This past April in Denver, the first death caused by marijuana intoxication was said to have happened when Levy Thamba, 19 and an engineering student from the Republic of Congo, visited Denver for Spring Break, and ate an entire marijuana cookie. (It was his first time trying pot.) Reports say he acted erratically, became sick, and ran straight over the hotel balcony. He had 7.2 nano grams of THC in his body, which exceeds Colorado’s impairment level when driving, 5 nano grams.

“Weed makes you unintelligent,” said Senior Ben Farley. “Most intelligent successful people don’t really do drugs, and most people who do weed aren’t really successful, and the majority of dropouts are involved in drug-related incidents. It just doesn’t make you yourself,” said Farley.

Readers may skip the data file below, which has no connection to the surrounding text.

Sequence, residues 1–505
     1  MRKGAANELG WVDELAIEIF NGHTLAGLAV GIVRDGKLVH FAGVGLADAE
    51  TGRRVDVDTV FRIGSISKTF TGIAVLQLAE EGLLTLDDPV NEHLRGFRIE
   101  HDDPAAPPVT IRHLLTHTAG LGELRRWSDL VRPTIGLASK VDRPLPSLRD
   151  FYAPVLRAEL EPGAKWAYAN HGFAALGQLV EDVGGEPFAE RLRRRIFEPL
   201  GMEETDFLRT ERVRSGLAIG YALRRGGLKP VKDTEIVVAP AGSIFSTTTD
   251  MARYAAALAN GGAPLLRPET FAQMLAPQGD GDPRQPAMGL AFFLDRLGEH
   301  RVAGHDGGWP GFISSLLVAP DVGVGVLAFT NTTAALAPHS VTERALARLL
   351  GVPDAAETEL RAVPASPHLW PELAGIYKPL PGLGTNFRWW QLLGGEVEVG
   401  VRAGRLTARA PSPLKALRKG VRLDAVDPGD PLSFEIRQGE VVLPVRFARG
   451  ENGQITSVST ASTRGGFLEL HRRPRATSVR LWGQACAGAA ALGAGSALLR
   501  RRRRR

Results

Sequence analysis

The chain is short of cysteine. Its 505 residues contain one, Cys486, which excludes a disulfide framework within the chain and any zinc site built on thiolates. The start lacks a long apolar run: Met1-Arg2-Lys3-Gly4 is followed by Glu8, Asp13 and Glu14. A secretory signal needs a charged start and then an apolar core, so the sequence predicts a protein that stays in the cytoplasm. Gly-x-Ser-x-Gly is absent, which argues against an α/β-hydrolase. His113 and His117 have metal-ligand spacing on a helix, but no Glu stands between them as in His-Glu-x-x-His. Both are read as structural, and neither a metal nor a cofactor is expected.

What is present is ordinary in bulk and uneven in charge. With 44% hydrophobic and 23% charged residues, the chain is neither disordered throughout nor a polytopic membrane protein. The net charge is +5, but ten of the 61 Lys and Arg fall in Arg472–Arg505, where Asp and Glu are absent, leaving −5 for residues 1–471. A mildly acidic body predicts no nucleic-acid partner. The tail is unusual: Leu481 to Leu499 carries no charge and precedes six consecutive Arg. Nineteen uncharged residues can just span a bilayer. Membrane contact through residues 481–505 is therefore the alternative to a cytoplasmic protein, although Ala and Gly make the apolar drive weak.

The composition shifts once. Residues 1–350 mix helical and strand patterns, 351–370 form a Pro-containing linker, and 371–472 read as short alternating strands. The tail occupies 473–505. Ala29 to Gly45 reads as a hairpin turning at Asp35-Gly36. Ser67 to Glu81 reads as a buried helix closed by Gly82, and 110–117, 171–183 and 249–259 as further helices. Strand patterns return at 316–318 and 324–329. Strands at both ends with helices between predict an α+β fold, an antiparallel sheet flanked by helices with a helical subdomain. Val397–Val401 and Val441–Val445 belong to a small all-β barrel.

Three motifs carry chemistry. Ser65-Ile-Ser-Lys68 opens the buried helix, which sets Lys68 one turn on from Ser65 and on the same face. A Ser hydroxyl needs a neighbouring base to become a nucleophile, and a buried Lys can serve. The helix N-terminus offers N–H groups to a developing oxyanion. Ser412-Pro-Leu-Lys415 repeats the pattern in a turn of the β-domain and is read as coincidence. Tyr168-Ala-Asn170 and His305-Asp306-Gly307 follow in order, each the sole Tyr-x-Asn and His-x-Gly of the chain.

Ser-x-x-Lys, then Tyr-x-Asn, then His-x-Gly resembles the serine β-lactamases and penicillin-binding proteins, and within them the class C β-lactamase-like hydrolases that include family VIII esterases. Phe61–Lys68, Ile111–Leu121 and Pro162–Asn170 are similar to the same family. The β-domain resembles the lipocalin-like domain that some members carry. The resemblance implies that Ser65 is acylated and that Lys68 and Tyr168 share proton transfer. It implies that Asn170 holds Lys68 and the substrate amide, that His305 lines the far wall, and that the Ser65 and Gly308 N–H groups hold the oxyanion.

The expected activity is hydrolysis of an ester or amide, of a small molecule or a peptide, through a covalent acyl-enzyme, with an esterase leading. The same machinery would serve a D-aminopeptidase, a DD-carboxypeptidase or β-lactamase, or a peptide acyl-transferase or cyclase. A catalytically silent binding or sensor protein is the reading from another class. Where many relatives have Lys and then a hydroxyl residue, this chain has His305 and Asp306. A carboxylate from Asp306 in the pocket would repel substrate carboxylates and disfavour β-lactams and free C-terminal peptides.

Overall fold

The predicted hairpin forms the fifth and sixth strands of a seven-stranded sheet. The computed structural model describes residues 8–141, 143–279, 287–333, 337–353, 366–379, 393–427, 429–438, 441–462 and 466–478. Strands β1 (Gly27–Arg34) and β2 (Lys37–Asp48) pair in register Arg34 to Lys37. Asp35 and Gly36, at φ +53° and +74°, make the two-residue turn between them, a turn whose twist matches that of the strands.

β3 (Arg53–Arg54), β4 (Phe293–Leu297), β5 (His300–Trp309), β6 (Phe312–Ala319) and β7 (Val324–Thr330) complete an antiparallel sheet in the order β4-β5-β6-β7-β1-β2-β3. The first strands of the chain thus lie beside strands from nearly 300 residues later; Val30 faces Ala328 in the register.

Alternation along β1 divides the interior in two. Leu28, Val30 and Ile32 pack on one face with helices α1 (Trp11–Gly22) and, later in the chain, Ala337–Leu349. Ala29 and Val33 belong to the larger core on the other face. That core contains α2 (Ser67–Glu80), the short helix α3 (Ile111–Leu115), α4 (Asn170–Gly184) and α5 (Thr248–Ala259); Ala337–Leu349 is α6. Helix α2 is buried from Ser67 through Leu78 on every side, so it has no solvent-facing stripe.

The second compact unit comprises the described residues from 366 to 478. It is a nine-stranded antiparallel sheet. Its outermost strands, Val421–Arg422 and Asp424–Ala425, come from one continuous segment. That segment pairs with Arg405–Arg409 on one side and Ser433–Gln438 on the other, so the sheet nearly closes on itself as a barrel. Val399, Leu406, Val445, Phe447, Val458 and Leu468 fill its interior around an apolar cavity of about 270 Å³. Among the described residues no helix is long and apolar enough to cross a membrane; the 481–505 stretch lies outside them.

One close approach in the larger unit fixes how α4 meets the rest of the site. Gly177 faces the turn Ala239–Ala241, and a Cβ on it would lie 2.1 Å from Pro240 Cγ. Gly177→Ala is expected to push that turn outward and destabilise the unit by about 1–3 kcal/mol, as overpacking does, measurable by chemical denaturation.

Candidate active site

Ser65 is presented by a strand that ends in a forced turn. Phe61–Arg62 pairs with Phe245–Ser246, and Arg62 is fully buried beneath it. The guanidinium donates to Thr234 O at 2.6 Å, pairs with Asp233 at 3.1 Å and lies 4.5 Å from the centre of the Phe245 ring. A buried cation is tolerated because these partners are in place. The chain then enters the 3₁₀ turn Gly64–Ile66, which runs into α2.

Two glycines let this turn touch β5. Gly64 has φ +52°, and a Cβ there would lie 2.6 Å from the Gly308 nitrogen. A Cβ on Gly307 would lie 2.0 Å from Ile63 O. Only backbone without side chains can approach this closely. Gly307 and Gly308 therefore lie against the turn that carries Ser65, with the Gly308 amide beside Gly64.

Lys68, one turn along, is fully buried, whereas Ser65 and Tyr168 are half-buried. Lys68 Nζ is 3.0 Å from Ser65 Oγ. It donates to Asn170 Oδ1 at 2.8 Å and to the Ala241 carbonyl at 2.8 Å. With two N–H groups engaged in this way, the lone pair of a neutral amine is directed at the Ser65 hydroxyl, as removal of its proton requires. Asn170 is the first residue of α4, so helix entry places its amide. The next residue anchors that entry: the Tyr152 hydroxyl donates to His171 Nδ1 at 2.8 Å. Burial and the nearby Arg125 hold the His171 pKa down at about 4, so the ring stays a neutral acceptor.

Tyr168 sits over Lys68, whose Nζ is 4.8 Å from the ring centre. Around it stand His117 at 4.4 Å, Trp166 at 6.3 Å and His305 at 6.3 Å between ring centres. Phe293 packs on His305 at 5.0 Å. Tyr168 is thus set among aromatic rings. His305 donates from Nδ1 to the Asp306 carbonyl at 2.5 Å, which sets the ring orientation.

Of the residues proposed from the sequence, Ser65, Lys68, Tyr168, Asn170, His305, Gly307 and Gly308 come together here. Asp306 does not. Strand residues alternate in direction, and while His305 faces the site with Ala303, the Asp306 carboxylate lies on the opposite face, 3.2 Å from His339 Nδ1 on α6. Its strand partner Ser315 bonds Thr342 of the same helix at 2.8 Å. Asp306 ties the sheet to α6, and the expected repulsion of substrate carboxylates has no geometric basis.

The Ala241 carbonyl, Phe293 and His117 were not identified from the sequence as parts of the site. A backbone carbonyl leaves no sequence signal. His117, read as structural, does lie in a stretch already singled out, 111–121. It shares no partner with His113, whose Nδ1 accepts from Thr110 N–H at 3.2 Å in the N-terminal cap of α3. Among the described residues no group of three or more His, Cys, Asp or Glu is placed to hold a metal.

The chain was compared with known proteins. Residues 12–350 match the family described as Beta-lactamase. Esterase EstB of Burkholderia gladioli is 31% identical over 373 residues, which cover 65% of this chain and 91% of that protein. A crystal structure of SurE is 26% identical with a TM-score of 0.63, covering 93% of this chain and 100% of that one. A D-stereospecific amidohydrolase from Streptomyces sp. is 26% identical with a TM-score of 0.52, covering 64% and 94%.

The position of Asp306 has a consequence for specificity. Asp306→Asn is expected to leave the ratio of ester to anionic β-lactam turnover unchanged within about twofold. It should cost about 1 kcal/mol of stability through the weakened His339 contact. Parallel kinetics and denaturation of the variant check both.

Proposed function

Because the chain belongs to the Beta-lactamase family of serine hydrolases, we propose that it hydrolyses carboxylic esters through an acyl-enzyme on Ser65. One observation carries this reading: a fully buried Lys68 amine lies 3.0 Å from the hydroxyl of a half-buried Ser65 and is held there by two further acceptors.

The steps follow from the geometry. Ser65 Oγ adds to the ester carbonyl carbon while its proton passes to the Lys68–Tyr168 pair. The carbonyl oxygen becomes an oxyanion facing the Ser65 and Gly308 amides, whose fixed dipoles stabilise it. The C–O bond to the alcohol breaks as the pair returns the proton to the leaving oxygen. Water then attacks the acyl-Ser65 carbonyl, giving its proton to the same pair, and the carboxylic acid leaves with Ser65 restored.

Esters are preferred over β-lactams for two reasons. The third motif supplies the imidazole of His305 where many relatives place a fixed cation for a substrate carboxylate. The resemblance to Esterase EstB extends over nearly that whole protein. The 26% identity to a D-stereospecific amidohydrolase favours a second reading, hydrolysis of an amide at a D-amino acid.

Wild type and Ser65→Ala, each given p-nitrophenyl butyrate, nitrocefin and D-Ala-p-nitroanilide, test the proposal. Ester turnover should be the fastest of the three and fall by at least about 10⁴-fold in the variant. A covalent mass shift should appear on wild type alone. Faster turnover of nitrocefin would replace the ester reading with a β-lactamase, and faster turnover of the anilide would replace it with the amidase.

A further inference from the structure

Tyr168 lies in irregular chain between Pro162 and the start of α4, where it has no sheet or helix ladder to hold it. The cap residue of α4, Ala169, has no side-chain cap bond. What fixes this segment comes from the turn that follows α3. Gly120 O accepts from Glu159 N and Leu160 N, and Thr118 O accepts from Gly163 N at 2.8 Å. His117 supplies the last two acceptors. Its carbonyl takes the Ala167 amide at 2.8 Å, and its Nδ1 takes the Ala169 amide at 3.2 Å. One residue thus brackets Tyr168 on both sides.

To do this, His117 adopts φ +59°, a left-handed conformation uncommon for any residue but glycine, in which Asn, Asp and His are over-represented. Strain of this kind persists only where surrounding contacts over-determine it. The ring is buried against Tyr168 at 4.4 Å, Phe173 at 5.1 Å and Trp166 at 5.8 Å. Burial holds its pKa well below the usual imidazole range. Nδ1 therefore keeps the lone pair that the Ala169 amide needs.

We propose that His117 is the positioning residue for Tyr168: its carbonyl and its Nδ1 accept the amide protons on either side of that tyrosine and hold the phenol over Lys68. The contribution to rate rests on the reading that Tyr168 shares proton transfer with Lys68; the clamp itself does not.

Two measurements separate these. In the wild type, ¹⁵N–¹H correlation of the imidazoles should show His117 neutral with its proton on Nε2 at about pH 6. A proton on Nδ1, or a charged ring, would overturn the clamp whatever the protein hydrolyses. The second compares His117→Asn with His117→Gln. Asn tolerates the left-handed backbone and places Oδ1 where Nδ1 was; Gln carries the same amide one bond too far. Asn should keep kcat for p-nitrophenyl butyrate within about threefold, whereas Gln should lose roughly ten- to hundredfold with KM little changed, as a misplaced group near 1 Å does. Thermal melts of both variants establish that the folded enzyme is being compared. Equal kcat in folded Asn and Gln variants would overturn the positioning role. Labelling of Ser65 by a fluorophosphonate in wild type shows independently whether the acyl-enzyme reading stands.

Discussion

If Colorado is the guinea pig for legalization, its success is controversial, especially with marijuana-related incidents involving youth like Levy Thamba. But of course, money is much more appealing than safety, especially to lawmakers.

“I think if it were legal, New York State would tax the heck out of it, drop a lot of arrests, and save cops a lot of gas,” said senior Cody Richter. “In a small town, they know everyone’s a dealer, but they don’t bother to pick anyone up, and they make a bunch of arrests off of it, but they’d rather keep it illegal and arrest everybody.”

What’s more beneficial to the state, arrests or sales? Perhaps that’s not the question. Maybe the question is, what is more fair to the state, arrests or sales?

Sophomore Clayton North believes marijuana “is a natural substance, so it’s not addictive. It’s good for kids that have seizures and it’s good for medical purposes.”